Currently, there are many innovative building objects with original form in the world, which were created as a result of parametric shaping. Parametric shaping is more and more often used to create curvilinear, structural forms with complex geometrical shapes. The need to integrate architectural shaping with structural shaping has been noticed by many scientists [18,19]. An efficient and comprehensive approach to the shaping process, as well as integration of aesthetic, functional, and structural analysis is very important [18,20,21]. One of the strategies leading to rational and integrated shaping of structures is algorithmic-aided shaping and application of evolutionary structural optimization (ESO). Various methods of ESO are presented in [22]. Evolutionary structural optimization of curvilinear steel bar structures is rather a new field of research but some such research regarding the design of responsive steel bar structures is presented in [23]. However, the algorithmic-aided approach to shaping effective Catalan roof structures presented in this paper is innovative. It analyzes three types of roof surfaces and aims to find the optimal form both in terms of the weight of the roof structure as well as the possibility of using the covering in the form of flat panels. This is important due to the possibility of using appropriate covering materials, such as glass. Nevertheless, the criterion for fail-safe optimal design of glass plates is presented broadly in [24], where the authors also estimate the benefits of using Laminated Glass plates. However, this paper is focused mainly on finding the optimal roof structure by selecting the appropriate mesh topology and the appropriate location of the structural supports, so as to minimize the mass, and thus the cost of the structure.

2. Materials and Methods

The research is conducted on the basis of Rhinoceros 3D software developed by Robert McNeel & Associates [25]. The trend of actively using Rhinoceros 3D, with its plug-in Grasshopper in architectural design process is spreading all around the world. Architects and designers from the well-known design studios are famous for using Grasshopper as their main design tool. Grasshopper, supplemented by various plug-ins like Karamba 3D, is receiving more and more attention both as an engineering tool and the means for algorithmic-aided design [26,27].
The approach to algorithmic-aided shaping of curvilinear steel bar structures proposed in this research is realized by application of versatile tools, that is Grasshopper and Karamba 3D working in the same modelling software—Rhinoceros 3D. However, this research also utilizes advanced structural analysis software—Autodesk Robot Structural Analysis Professional 2019 [28].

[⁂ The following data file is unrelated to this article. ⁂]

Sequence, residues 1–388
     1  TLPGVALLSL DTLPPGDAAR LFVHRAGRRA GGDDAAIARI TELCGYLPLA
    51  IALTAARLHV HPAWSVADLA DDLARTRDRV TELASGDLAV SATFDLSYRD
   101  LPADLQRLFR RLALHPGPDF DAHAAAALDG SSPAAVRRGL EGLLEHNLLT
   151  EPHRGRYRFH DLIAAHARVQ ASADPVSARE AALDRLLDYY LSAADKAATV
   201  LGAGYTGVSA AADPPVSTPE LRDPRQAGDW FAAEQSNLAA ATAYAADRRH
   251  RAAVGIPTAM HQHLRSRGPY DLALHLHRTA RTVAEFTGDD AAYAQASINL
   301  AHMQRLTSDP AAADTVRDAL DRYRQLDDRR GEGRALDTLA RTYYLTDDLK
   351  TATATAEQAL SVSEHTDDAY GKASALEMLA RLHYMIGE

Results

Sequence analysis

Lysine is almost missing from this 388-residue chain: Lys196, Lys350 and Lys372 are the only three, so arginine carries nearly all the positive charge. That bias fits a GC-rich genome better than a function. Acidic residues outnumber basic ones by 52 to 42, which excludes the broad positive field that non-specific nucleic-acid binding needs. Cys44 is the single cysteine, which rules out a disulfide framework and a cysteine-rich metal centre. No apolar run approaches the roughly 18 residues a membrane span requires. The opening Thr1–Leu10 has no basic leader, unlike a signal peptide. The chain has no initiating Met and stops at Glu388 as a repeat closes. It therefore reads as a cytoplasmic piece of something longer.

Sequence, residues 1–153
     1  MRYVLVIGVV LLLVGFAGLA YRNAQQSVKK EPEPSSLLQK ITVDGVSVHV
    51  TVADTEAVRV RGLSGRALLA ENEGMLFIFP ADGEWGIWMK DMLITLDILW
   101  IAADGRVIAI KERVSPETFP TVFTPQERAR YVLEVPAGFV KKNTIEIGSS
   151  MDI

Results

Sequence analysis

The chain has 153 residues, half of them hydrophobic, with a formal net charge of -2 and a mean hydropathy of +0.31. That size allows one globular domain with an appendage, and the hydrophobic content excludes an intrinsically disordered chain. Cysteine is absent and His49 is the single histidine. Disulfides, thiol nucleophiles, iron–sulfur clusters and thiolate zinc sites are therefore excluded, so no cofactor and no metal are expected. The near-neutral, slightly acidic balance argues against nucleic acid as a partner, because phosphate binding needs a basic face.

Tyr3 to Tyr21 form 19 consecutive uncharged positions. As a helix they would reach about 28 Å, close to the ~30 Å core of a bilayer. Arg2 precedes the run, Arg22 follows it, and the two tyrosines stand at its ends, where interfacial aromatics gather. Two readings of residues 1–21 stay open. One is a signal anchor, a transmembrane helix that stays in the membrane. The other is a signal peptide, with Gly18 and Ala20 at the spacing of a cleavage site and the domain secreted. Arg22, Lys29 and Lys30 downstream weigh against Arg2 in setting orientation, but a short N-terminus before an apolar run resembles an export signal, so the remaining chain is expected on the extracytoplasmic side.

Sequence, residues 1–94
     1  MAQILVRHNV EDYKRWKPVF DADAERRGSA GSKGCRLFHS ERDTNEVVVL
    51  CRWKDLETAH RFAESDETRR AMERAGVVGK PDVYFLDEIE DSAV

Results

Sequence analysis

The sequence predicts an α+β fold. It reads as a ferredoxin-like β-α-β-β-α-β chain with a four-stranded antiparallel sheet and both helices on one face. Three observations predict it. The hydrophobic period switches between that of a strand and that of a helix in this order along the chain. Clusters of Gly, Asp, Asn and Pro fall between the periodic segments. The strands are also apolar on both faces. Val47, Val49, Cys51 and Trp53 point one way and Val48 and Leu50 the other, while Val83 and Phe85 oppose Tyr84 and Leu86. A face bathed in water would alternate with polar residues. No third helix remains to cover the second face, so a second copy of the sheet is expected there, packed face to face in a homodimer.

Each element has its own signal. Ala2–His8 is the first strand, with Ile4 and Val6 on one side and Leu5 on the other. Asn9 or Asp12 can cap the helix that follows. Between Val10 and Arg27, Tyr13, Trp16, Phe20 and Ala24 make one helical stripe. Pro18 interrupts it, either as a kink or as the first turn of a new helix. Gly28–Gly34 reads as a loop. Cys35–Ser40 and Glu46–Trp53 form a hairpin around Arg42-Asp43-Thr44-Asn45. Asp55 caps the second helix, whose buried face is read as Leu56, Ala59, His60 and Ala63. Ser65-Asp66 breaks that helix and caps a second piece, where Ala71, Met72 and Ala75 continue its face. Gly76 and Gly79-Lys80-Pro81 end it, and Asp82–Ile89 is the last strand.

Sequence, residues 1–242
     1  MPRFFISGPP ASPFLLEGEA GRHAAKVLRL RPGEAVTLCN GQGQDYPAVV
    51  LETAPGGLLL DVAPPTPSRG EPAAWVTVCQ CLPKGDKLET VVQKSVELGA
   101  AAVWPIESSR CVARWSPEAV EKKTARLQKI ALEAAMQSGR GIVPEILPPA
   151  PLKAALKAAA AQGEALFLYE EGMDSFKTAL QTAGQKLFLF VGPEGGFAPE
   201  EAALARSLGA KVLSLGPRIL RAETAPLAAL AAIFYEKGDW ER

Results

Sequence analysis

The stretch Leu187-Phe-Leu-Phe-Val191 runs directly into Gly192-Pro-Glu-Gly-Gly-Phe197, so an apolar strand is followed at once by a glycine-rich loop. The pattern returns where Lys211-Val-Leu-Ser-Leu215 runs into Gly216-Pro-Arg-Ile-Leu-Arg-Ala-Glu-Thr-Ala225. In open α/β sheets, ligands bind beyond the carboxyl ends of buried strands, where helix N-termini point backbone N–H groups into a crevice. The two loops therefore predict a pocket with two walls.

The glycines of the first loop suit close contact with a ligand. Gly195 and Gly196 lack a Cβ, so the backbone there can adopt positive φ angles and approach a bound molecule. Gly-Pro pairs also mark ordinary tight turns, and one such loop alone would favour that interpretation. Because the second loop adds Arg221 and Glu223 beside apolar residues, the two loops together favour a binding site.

The validation of the functionality of the shaping tools mentioned above, as well as benefits of their application to improve and integrate both architectural and structural shaping, are accomplished by implementing them for the analysis of the curvilinear steel bar structures. The overall strategy of integrated process that will be used for shaping curvilinear steel bar structures is presented by the scheme, Figure 1.
In general, shaping begins with the creation of a parametric, geometric model of a structure using Grasshopper. On the basis of the geometric model and assumed boundary conditions regarding supports and loads, as well as joints and material properties (intended for the shaped structure), the structural model is created. It is later subjected to a two-stage analysis. The first analysis is linked with evolutionary structural optimization (ESO), in which topology and cross-sections of structures’ bars are optimized taking into account structure’s self-weight as the optimization criterion. The optimal grid pattern is selected based on the minimum mass and deflection, as well as the positions of established optimal supports. Next, the structural model for the selected grid pattern is completed with any possible live loads and further the structural analysis is performed by Autodesk Robot Structural Analysis software.
Shaping strategy presented in the paper consists in shaping of curvilinear steel bar structures by placing the structural nodes on the so-called base surface. This surface is selected from the groups of surfaces with advantageous features both in terms of shape and the possibility of their subdivision. As the basic surfaces for shaping structures are proposed skew ruled surfaces, especially Catalan surfaces described in [29]. Parametric modelling of concrete roofs composed of repetitive units of Catalan surfaces is shown in [30], whereas parametric approach to shaping of curvilinear steel bar structures based on Enneper surface is presented in [31]. However, the subject of this research are three various roof structures, being the curvilinear steel bar structures of cylindroid shape, conoid shape, and hyperbolic paraboloid shape. Each structure is composed of roof’s lattice created on the basis of a single-shell. The lattice is supported by six vertical columns, however, each column is joined with the lattice’s nodes by four branches.